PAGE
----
A retirement income means a relatively stable one, generally, but without a lot of leeway for sudden surges in spending. Here are the top ways to use your retirement dollars to enjoy your well-deserved lifestyle and get the most bang for your retirement buck. (To help you choose the right investments for your retirement, check out Top 10 Investments For Baby Boomers.)

TUTORIAL: Retirement Planning

You finally have the time to travel the world and see all those places you've dreamed about, but where do you start? And is it worth the expense? Travel is a great way to use your extra money because you gain new experiences and create memories, both of which will last you much longer than that cheap trinket you might be tempted to bring home with you. OK, you can leave some room in the travel budget for cheap trinkets. After all, there are the grandkids to think about. To really make travel worth the money you put into it, keep these tips in mind:

  • When feasible, visit popular places (well-known beaches, tourist attractions and landmarks) in off-season or off-peak times. You'll save money because you'll pay less than you would during the high-tourist season, which allows you to see more and do more for less money. You'll also avoid crowds and long lines by traveling during off-peak times, which makes your experience all the better.
  • Combine traveling with a passion or hobby. You might go on a wine-tasting journey, a culinary tour or a cycling adventure. Whatever your passion or hobby is, you can pursue it with travel which makes your trip all the more meaningful.
  • Consider family trips or holidays. If your grown children are willing to pitch in, you can often get a great deal on group accommodations and everyone saves money while creating memories together in a new place.

Those books you've been wanting to read and skills you've been wanting to develop are still there, and retirement is a great time to educate yourself on the things that interest you. Educational costs can range from very low (a new book) to much higher (a college class, advanced instruction with a personal tutor). However, the joy and challenge of learning new things adds richness and depth to your life. Like travel, education provides more than a new trinket or toy would. It provides experiences, broadens your mental outlook and helps you to grow as a person.

Remember the tired old folks on the porch swing? Those were your grandparents. It's a new time for retirees, and it can be full of adventure. So, how do you bring adventure into your life on a budget? Start by looking close before you look far.

Adventure comes in many packages. You may not be ready to parachute over the Himalayas, but how about a hot air balloon ride over your own state? Para sailing, kayaking, hiking, horseback riding, camping and scuba diving can all be low-impact and often experienced locally. The cost for this type of local adventure is lower than traveling around the world to take it on, and you can decide how much you like it, if you want to repeat the experience and if you want to take it to the next level before you invest a huge chunk of money into it. (To help you determine where to start your retirement adventure, see Debunking The "Best" Retirement Destinations.)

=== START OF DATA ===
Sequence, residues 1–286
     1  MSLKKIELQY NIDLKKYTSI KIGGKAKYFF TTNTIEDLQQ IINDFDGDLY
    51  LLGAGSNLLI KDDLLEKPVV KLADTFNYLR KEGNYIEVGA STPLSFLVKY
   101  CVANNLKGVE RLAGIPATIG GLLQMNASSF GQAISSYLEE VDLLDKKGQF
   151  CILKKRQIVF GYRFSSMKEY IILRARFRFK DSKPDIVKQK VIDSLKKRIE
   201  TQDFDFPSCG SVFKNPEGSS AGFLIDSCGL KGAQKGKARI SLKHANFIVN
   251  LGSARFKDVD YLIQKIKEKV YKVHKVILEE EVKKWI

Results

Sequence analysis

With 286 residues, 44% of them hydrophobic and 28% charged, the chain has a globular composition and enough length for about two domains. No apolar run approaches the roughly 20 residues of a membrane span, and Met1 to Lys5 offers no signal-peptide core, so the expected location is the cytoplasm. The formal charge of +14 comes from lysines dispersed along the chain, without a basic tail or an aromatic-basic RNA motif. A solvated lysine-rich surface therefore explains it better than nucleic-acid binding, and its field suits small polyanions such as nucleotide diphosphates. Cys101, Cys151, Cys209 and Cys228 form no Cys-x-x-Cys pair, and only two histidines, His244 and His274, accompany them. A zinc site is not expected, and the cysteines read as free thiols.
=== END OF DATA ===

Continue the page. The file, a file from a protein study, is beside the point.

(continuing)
The fastest way to spend your extra money is by buying a bunch of stuff. While stuff is nice (who doesn't want a European espresso maker, a new set of luggage and a few extra watches?), it often ends up becoming a big expense that doesn't provide much value over the long-run. The espresso maker breaks, the luggage gets worn out and you never wear the watches. The money's still gone. Instead of buying stuff just to buy, focus on collecting items that matter to you, for whatever reason.

Perhaps you've been a collector for a long time and now you have the time to pursue your interest. Or collecting may be new to you, so the thrill of the find will be all the more exciting. Collecting gives you more value for your dollar because you're not just spending randomly on whatever shiny new object happens to grab your fancy. Instead, you're investigating, pursuing, hunting down a piece that will be perfect and adding to a collection that can easily become a treasure to pass down to the next generation.

Depending on the amount of excess funds you have available, investing in the stock market or in real estate can be a lucrative and interesting hobby as a retiree. You can also find other ways to invest that may fit more with your interests. Perhaps you could join in the micro loan movement and help third-world entrepreneurs get a start. You could also become a venture capitalist or angel investor and support new small business start-ups.

What you've got to remember with your retirement dollars - and your retirement time - is that you have options. Just because your brother or your neighbor or your best friend decided to take a cruise, you don't have to. Decide what sounds best to you. Examine what you already enjoy spending your time and resources on, and think about how you can take that to the next level.

When you invest in your own interests and passions, you're guaranteed to get more out of it, and increase your enjoyment of life at the same time.

The Bottom Line
How you spend your retirement, both in terms of time and dollars, is mostly a matter of what is important to you. What do you value? Take the time to consider your options, and make a list of your highest priorities. Then spend your money where it counts, and you'll get the highest value for yourself. (To help you start taking funds out of your retirement plan, read Strategies For Withdrawing Retirement Income.)

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